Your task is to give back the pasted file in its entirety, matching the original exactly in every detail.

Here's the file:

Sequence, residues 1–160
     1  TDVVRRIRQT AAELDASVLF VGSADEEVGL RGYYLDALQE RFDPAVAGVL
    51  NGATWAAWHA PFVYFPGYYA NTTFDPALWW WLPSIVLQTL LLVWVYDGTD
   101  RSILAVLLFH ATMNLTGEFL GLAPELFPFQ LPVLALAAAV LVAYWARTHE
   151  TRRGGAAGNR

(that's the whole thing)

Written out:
Sequence, residues 1–160
     1  TDVVRRIRQT AAELDASVLF VGSADEEVGL RGYYLDALQE RFDPAVAGVL
    51  NGATWAAWHA PFVYFPGYYA NTTFDPALWW WLPSIVLQTL LLVWVYDGTD
   101  RSILAVLLFH ATMNLTGEFL GLAPELFPFQ LPVLALAAAV LVAYWARTHE
   151  TRRGGAAGNR